We’ve said before that choosing a venue should be your first step in wedding planning. This decision should also be considered as you select your wedding menu. While you and your spouse may have mused for months about swapping traditional cake for assorted pies, that might not jibe well with a formal setting.
Avoiding this kind of wedding menu headache is fairly simple: Envision the kind of reception you want (food, decor, music, and all), then choose a venue accordingly. Here’s a sure-fire guide for working with your caterer to build a wedding menu that fits perfectly with the venue.
Start With Reflection
At Lisa Dupar’s namesake catering company, they start with the "WMI" or "What’s Most Important" assessment.
"We try to pull out from couples, what’s most important in this wedding?" says the Seattle-based chef. "Of course, I’m always thinking like a chef. I’m not the bride and groom; I’m not the couple," Dupar says now. "We [chefs] have to remove ourselves from the discussion."
Once your caterer understands what’s most important to you (maybe it’s not the food!), she can plan her approach accordingly.
Consider Your Guests
Umber Ahmad and her team at Mah-Ze-Dahr Bakery in Manhattan have a pretty good system: "When we think about the location and the venue of the wedding, you want to ask two questions," she says. "What will the guest experience be like in this venue—seated, walking around, passed desserts?"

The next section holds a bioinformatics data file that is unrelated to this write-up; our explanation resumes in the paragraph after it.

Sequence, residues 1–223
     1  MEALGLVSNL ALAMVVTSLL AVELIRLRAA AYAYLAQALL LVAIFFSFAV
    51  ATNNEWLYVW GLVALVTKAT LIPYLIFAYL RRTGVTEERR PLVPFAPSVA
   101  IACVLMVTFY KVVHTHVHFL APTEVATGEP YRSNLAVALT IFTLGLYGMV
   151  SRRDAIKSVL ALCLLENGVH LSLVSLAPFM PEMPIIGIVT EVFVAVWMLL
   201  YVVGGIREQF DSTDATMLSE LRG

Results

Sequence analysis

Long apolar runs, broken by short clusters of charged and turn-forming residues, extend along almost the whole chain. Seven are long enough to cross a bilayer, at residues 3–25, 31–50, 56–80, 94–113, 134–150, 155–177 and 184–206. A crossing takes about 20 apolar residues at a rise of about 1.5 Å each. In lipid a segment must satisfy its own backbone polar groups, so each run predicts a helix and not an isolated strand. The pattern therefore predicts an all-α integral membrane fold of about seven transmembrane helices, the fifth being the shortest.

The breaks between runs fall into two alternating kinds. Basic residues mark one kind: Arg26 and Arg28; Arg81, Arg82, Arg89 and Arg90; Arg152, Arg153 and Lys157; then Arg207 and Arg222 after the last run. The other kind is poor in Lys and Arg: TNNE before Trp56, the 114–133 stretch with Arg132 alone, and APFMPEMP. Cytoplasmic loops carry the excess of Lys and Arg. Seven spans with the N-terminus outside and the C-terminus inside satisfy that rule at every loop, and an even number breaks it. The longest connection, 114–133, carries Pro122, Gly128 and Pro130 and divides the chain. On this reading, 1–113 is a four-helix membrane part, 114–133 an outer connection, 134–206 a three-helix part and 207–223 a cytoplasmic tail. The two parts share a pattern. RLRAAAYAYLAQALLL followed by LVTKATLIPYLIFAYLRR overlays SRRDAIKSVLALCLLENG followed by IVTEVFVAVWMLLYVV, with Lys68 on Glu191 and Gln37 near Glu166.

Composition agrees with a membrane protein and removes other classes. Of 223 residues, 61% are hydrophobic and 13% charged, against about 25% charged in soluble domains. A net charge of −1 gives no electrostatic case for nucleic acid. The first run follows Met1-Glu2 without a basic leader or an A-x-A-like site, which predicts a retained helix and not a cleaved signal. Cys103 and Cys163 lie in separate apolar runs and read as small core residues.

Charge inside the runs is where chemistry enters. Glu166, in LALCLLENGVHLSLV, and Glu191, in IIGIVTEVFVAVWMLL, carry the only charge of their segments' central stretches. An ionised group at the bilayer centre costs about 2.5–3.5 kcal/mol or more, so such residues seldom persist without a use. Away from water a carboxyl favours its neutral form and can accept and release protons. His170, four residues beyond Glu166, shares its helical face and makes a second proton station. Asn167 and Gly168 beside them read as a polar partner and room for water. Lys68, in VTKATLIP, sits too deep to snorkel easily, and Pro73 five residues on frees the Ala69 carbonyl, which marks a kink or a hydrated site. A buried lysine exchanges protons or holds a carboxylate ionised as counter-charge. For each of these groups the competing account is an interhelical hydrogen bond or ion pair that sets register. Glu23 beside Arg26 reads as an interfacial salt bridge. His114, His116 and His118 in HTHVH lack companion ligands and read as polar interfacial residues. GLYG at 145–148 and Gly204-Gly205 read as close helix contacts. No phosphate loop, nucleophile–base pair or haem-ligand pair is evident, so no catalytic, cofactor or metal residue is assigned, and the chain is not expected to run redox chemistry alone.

Your answer to that question is more important that you might think. The last thing you want is mingling people in formal dresses juggling a signature cocktail and an hors d'oeuvre that requires a knife and fork. For moments and spaces where you’ll be mingling—perhaps at a vineyard or during cocktail hour in most venues—settle on something bite-sized for easy eating.
Ahmad also tries to get to the heart of why you chose your venue; it likely represents you and your partner in some way, either through a memory or overall aesthetic.
"The second question we ask is, do you want to incorporate the venue in the theme or ideology of the menu?" she says. "Oftentimes you choose your wedding venue because it has sentimental value. Perhaps you had your first date there. We ask, do you remember what you ate [on your first date]? And we try to incorporate that into the dessert menu."
...But Be Practical
Dupar recalls catering a beautiful reception at a winery in Washington state. While she loved working with the couple to build their Tuscan-inspired menu, she says it might have been much more challenging if they'd met in France and wanted a five-course French menu with wine pairings, for example. That would have married their story with the space, but it also would have required more planning and equipment.
"We could still do it, we’d just know we need a tent and we need to bring in the ovens," Dupar said. "The winery is gorgeous, but they don’t have a full kitchen; there’s a tiny little home kitchen. So we’d have to let the couple know we can do whatever they want, but in this venue if you want this menu, we’ll need to rent this kitchen equipment."